The Apostle Paul also spoke of the importance of godly labour as a Christian man’s duty, and the evils of idleness and dependence upon others for sustenance, when a man is able-bodied:
Now we command you, brothers, in the name of our Lord Jesus Christ, that you keep away from any brother who is walking in idleness and not in accord with the tradition that you received from us. For you yourselves know how you ought to imitate us, because we were not idle when we were with you, nor did we eat anyone’s bread without paying for it, but with toil and labor we worked night and day, that we might not be a burden to any of you. It was not because we do not have that right, but to give you in ourselves an example to imitate. For even when we were with you, we would give you this command: If anyone is not willing to work, let him not eat. For we hear that some among you walk in idleness not busy at work, but busybodies. Now such persons we command and encourage in the Lord Jesus Christ to do their work quietly and to earn their own living. As for you, brothers, do not grow weary in doing good. If anyone does not obey what we say in this letter, take note of that person, and have nothing to do with him, that he may be ashamed. Do not regard him as an enemy, but warn him as a brother (II Thessalonians 3:6-15).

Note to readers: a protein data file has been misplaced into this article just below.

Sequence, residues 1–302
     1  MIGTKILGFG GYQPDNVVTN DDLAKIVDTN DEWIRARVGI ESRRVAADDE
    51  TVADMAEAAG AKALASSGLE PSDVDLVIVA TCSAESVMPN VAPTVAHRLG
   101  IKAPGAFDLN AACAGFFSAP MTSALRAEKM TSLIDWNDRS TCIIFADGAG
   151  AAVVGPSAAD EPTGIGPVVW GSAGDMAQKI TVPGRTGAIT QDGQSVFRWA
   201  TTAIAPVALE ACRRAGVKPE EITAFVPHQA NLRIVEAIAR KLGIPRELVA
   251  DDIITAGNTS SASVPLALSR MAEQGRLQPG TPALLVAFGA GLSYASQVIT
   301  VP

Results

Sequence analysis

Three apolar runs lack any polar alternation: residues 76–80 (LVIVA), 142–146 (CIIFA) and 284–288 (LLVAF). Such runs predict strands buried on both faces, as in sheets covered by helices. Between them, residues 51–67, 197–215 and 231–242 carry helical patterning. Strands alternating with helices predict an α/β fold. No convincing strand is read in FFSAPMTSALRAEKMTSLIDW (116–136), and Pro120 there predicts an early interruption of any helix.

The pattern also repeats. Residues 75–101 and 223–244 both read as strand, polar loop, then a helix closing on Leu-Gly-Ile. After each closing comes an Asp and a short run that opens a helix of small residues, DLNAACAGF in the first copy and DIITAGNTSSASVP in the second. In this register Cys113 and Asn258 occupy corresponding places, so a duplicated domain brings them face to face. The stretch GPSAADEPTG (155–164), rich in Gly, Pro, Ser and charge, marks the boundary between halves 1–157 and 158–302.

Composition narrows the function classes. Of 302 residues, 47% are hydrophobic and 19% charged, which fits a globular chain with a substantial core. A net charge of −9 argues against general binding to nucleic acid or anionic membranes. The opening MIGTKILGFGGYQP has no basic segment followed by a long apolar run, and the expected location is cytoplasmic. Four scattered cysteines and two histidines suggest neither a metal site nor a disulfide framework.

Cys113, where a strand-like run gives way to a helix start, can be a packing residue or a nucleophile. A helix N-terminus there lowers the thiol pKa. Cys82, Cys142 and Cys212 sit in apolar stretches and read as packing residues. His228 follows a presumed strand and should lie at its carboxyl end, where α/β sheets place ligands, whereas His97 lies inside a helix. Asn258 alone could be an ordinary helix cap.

Now concerning brotherly love you have no need for anyone to write to you, for you yourselves have been taught by God to love one another, for that indeed is what you are doing to all the brothers throughout Macedonia. But we urge you, brothers, to do this more and more, and to aspire to live quietly, and to mind your own affairs (mind your own business, KJV), and to work with your hands, as we instructed you, so that you may walk properly before outsiders and be dependent on no one (I Thessalonians 4:9-12).